Bullet Wounds Uncovered In Remains Of Black Man Found In Search For Tulsa Massacre Victims
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Bullet Wounds Uncovered In Remains Of Black Man Found In Search For Tulsa Massacre Victims

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The Tulsa massacre in 1921, one of America’s deadliest racial riots, resulted in an estimated 300 deaths of Black people and destroyed the homes of roughly 10,000 Black residents and nearly the entire Black population in Tulsa.

Amid the Tulsa mayhem, Black men were killed and placed in piles of grave sites by white rioters, making them difficult to identify, National Geographic reported. According to an announcement made last week, it was discovered that one of the victims had multiple gunshot wounds in the head and shoulder.

However, 35 coffins were recently discovered and 20 remains are being examined by a forensic team.


The neighborhood of Greenwood, once referred to as Black Wall Street due to the Black institutes that once thrived there, is a burial ground of several dead Black men, women and children who cannot be identified.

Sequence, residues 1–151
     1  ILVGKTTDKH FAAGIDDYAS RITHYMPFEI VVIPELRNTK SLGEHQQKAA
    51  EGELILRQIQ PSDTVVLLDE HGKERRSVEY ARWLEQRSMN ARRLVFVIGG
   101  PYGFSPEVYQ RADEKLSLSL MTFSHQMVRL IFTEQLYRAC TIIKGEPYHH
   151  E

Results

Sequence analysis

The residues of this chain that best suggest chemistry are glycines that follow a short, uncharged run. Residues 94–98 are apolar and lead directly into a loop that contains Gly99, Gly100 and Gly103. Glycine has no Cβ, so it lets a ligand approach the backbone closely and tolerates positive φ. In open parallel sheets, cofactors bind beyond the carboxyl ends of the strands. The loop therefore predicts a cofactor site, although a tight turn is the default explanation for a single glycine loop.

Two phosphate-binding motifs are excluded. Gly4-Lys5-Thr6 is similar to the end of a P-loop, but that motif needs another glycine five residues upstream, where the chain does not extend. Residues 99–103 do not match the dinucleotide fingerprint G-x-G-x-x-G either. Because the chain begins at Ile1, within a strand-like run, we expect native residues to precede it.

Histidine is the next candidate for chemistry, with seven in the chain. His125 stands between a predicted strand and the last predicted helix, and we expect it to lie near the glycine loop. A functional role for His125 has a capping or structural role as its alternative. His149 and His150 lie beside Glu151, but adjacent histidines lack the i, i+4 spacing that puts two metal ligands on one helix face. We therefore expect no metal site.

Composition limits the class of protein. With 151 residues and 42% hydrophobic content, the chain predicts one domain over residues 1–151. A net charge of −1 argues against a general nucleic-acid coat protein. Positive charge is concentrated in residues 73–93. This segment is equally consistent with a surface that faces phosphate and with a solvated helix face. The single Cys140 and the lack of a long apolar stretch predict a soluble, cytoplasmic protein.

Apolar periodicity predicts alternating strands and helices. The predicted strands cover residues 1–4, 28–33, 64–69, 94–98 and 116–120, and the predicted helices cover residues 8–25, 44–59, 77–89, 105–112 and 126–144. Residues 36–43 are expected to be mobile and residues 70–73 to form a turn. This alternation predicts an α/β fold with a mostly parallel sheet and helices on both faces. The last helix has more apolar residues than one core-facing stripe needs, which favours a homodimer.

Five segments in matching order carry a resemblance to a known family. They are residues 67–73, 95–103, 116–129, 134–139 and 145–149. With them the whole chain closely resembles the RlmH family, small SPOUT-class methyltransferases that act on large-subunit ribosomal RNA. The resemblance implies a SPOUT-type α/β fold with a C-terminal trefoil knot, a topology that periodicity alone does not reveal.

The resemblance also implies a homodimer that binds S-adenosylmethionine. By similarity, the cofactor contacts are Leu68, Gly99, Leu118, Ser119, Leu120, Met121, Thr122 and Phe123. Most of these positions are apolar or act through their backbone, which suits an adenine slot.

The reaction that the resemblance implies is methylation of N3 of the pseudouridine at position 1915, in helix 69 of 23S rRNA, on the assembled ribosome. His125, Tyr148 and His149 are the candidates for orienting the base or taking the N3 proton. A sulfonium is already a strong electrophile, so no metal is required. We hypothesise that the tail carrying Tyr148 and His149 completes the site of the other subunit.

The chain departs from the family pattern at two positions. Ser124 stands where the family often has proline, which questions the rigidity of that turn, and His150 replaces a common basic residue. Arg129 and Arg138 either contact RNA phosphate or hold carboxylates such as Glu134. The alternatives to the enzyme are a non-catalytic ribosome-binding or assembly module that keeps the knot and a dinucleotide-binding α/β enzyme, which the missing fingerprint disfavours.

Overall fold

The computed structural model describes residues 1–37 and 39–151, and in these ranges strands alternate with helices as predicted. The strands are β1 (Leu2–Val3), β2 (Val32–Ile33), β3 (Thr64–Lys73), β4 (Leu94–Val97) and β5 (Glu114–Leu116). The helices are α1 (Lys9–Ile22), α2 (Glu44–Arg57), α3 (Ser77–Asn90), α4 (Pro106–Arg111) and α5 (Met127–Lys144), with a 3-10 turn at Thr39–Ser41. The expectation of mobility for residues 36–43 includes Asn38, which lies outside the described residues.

Archeologists in the Oaklawn Cemetery in Tulsa, Okla., are searching for unmarked burial sites of victims, but for now, they have possession of bones, some of which belong to five youths and four adults.

One coffin is said to be made for an infant, but the human remains are difficult to make out.

One of the remains, originally found in October 2020 but was left in the ground until officials waited for a judge to grant permission to exhume the body, shows that a man was repeatedly shot in the head and shoulder.

Upon research, adult remains show men and women were killed in their 30s and 40s, with some experts believing women and children were killed the least compared to men, and men’s remains were placed in ordinary coffins compared to women and children having more decoratively designed coffins.

The remains were found in the “Original 18” section of the cemetery, a belief the bodies of 18 victims of the massacre were buried in unmarked graves, according to the official records for 1921, only 18 people were in unmarked graves.

“Funeral home records and other documents for 1921 show that at least 18 identified and unidentified African American massacre victims were buried in the city-owned cemetery,” Tulsa city officials have stated.